With energy data from 28,000 single-family houses in Denmark, Danish researchers document that the current energy requirements for new houses have a significant and positive impact on heat consumption. Shown here are Associate Professor Steffen Petersen (right) and PhD student Martin Heine Kristensen (left ) who are responsible for the study.
Researchers have surveyed the district heating consumption of as many as 28,000 Danish single-family houses. They can thus for the first time document development in the actual energy consumption for heating private homes in Denmark, and conclude that new cost-cutting measures in the current building regulations do work.
With extensive data visualisation of the district heating consumption of single-family houses, researchers can now for the first time document Denmark’s real energy demand for heating homes.
“We can see a clear correlation between the age of the buildings and the actual energy consumption with a very significant decline starting with houses built in the 1950s. This means that we now have an empirical overview that makes it possible to document the impact of historical energy-saving requirements in the building regulations,” says Associate Professor Steffen Petersen.
The researchers closely studied district heating consumption in the last three years for a total of 28,000 single-family houses built in the period from 1900 and up to 2012. Using information from the national Building and Housing Register (BBR) and smart meter data for the individual households, they succeeded in showing average consumption in time-related development.
It has not previously been possible to document the real effect of legislative energy requirements for houses.
The Aarhus University researchers worked closely on the extensive data analysis with AffaldVarme Aarhus (Waste and District Heating Aarhus) – one of Denmark’s largest district heating providers. Based on the results, they can conclude that the increased energy requirements in the 2006 building regulations have had a particularly positive effect.
During the period from 2006 to 2011 alone, heating consumption in single-family houses fell by 25 per cent, which corresponds to the political ambition of the specific requirements.
“Our study provides solid documentation for the increased energy requirements having an impact on the actual household energy consumption. It’s clearly shown in the data that one of the most ambitious initiatives ever undertaken to tighten energy requirements in the building industry has had the desired relative effect on the actual energy consumption of single-family houses,” says Associate Professor Petersen.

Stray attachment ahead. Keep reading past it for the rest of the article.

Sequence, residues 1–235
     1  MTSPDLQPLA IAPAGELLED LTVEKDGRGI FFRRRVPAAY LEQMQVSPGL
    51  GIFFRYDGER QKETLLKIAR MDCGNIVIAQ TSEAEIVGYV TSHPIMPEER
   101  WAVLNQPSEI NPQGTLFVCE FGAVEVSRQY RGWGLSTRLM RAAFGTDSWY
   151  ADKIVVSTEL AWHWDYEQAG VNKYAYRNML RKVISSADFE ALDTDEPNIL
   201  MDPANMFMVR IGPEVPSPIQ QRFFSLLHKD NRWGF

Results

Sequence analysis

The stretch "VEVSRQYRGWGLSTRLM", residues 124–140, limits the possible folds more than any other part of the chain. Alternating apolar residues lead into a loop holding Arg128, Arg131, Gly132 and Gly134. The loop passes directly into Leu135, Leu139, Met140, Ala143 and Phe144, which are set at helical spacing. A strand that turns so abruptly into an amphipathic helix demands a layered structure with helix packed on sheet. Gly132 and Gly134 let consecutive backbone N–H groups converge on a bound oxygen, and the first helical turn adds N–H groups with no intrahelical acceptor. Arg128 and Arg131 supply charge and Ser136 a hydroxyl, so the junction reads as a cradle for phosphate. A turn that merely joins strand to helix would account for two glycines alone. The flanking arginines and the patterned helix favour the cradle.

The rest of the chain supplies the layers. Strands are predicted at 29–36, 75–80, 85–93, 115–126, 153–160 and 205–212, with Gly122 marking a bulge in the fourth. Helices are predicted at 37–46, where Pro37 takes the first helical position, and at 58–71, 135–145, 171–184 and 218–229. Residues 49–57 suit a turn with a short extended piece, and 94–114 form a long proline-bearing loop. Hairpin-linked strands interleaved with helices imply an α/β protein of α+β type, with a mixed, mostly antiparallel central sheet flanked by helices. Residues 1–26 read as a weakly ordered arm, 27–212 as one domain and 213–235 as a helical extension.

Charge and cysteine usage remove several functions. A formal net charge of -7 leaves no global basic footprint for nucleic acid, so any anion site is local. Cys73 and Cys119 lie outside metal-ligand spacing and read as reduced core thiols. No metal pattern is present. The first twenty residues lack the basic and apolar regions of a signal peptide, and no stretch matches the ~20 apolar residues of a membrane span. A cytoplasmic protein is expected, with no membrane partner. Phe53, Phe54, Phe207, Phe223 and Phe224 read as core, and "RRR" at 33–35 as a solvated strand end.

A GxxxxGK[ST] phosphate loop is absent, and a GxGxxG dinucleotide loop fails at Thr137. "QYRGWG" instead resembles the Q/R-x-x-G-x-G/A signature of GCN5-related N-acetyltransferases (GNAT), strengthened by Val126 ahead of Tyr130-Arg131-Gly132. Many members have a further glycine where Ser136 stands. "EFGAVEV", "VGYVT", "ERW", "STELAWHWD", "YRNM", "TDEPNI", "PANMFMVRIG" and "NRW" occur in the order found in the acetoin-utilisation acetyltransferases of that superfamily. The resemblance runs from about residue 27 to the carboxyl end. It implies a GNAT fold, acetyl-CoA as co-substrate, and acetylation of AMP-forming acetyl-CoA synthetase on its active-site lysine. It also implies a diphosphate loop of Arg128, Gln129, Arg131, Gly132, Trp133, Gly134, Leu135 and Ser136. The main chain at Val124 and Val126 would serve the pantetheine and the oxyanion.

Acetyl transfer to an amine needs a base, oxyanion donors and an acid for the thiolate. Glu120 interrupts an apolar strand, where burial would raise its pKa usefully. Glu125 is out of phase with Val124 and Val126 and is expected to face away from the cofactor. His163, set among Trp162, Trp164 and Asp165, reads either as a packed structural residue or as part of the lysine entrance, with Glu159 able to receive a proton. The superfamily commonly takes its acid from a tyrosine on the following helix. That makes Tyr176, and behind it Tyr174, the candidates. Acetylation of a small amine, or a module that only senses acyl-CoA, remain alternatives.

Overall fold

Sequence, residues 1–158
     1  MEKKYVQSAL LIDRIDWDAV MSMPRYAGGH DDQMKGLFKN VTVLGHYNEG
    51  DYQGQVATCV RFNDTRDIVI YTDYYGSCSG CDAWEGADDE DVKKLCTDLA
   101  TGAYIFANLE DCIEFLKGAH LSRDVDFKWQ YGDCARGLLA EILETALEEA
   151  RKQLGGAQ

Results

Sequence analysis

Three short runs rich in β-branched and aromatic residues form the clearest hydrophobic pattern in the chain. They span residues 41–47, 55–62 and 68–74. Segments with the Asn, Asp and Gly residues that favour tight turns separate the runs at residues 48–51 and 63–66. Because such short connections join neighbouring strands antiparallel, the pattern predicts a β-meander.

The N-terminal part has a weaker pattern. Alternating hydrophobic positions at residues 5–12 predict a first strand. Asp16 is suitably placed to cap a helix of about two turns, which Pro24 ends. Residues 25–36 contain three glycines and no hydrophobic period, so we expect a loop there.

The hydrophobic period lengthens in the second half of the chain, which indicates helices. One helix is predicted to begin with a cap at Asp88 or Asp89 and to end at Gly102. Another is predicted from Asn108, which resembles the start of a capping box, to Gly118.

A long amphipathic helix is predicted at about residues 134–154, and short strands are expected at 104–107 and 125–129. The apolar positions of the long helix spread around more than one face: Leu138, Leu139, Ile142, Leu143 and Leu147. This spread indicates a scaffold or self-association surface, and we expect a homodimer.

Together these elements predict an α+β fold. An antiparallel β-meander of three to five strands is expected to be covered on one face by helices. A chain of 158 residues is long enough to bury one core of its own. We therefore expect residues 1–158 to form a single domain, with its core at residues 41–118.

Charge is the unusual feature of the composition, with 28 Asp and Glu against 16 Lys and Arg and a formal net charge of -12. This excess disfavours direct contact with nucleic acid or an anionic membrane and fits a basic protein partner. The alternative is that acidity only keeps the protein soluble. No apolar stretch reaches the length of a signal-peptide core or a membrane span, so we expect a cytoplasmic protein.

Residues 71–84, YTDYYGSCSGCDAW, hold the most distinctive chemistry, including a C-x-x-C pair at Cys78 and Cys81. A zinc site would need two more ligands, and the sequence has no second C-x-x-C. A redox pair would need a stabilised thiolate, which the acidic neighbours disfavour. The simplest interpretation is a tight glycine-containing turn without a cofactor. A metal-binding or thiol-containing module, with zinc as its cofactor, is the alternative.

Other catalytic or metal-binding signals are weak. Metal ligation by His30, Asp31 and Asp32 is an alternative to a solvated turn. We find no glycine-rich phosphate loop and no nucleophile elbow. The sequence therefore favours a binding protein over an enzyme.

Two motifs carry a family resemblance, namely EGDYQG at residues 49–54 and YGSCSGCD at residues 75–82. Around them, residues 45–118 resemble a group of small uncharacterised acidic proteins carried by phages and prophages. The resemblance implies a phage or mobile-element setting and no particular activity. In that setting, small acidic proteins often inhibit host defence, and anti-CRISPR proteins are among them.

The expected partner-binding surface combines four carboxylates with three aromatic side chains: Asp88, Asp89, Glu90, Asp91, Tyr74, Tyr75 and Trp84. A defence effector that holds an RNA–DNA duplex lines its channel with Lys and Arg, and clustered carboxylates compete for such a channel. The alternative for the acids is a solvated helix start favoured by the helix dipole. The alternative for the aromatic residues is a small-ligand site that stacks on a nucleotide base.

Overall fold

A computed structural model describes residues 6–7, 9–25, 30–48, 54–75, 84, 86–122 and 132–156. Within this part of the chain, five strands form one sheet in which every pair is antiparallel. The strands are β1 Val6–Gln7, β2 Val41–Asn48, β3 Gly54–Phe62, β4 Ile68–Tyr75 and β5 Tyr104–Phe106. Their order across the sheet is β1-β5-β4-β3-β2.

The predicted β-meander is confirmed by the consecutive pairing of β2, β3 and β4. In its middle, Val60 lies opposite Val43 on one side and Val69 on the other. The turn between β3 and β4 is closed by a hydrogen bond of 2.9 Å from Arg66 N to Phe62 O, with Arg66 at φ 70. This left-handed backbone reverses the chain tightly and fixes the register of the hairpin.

In research circles, the increased energy requirements in the building regulations have been a topic of great discussion since they were introduced.
Even though the comprehensive analysis of district heating data shows that the average energy consumption for heating homes depends on the specific energy requirements in the year of construction, the researchers can nevertheless ascertain that there is significant diversion in each construction year. “When we consider the average district heating consumption in the building stock, it appears as a clear function of the year of construction. If we take a slightly more detailed approach, however, we can see that there are very large variations in the energy consumption in otherwise comparable single-family houses,” says Associate Professor Petersen.
Part of the explanation of this large diversion can be variations in the number of household occupants and different preferences regarding comfortable room temperatures. According to Associate Professor Petersen, however, high energy consumption can also be due to faults and defects in the construction work.
“In newer houses, energy consumption at the high end of the scale can possibly be caused by an insufficient building envelope, poorly regulated ventilation and heating systems – and even shoddy work and negligence,” he says.
The difference between the estimated and the measured energy consumption is most pronounced in newer single-family houses, and this gives rise to checking the existing calculation methods in the building trade.
“It’s a big problem. We have to take a closer look at the methods and standards used by engineers when they’re calculating a household’s energy consumption while the building is still on the drawing board. It should be such that both homeowners and utility companies experience that theory matches reality,” says Associate Professor Petersen.
In the time ahead, the researchers will collaborate with AffaldVarme Aarhus to identify the exact causes of the large diversion in the household energy consumption. This will also provide new knowledge about opportunities for optimising district heating operations.
“We’re in the process of analysing household energy consumption for heating on a weekly, hourly and minute-by-minute basis, and then it’s likely that we can point out how we can optimise district heating operations and the pipeline network. We’ll also take a closer look at how we can make the energy calculations in the current building regulations more accurate for the actual operations. Our aim is to create an evidence-based foundation for decisions about future investments,” says Business Developer Adam Brun, AffaldVarme Aarhus.
Data visualisation of the district heating consumption of the Danes.
Part of Resource Efficient cities implementing ADvanced smart citY solutions (READY)
EUR 33 million
EU´s 7th Framework Programme for Research